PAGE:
http://www.flsenate.gov/Statutes/index.cfm?App_mode=Display_Statute&Search_String=&URL=Ch0790/SEC06.HTM&Title=->2003->Ch0790->Section%2006#0790.06

NukemJim
April 2, 2007, 09:18 AM
I would suspect that the lockdown ward has a specific policy prohibiting weapons by anyone including LEO

Having worked in a psych ward I would strongly suspect that the above is correct.

We were told if LEO came in with firearm to ask them to leave immedialty and come back without the firearm. Never occurred so do not ask how well it would work.

Side note, while I was working a patient up for a psych admit when I was working in the ER was the first time a patient ever whipped out a gun on me :eek: Gave it up when she was asked to, no problem. Most recent pt who whipped out a gun on me was a 74 year old female :what: I've never had a problem with a pt with a gun. Leave it in the holster if they have one and cover it with a towell where both the pt and I can see it. No problem.

NukemJim

markk
April 2, 2007, 03:34 PM
RE: FLORIDA hospital carry
IANAL
but he is http://www.floridafirearmslaw.com/faq008.shtml

CAN YOU CARRY AT A HOSPITAL?
© 2006 by Jon H. Gutmacher

Florida Statute § 394.458 states “except as authorized by law” it is a third degree felony (yeah – felony!) for any person to bring, carry, possess, or transport a “firearm or other dangerous weapon” upon the grounds of any “hospital (or mental health facility) providing mental health services”. Here’s the actual wording:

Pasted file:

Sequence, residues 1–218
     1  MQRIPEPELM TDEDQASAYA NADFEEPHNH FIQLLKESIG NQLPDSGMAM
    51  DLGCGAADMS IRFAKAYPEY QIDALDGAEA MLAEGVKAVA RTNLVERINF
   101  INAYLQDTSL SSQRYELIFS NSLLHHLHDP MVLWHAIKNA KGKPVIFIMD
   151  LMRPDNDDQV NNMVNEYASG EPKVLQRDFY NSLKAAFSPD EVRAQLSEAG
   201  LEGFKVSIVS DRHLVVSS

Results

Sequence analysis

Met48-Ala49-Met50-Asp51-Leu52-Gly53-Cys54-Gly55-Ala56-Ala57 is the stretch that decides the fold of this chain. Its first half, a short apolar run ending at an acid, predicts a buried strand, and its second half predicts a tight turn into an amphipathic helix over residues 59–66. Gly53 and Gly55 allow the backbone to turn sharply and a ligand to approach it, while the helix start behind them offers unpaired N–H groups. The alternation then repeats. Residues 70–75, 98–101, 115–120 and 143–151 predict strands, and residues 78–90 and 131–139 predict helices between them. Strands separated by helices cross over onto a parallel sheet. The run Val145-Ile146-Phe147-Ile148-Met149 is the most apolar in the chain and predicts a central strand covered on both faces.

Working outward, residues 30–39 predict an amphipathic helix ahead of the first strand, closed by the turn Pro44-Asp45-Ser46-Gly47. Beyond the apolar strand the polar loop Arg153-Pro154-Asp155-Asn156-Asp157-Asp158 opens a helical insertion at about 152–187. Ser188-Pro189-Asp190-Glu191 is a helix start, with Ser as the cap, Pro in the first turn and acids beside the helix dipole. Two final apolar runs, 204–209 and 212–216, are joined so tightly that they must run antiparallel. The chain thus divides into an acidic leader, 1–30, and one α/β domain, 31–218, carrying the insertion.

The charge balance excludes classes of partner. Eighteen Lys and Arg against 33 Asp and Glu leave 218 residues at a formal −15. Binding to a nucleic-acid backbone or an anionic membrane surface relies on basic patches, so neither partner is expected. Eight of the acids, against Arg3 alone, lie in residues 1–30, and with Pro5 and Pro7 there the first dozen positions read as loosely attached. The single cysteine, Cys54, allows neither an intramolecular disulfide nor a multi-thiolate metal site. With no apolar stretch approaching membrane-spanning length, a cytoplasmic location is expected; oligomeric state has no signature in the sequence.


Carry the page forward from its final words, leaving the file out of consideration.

(1) (a) Except as authorized by law or as specifically authorized by the person in charge of each hospital providing mental health services under this part, it is unlawful to introduce into or upon the grounds of such hospital, or to take or attempt to take or send therefrom, any of the following articles, which are hereby declared to be contraband for the purposes of this section:


Any intoxicating beverage or beverage . . . .
Any controlled substance as defined in chapter 893; or
Any firearms or deadly weapon”.



I just handled an arrest involving this statute. I raised the defense that the phrase “except as authorized by law” meant just that – and that securely encased weapons in vehicles on hospital grounds were therefore legal, pursuant to Florida Statute 790.25, and that persons having a Concealed Weapons Permit were also authorized because Florida Statute 790.06(12) lists all the places you can’t carry pursuant to your permit – and a hospital or mental health facility isn’t one of them. Thus you’re obviously “authorized by law”.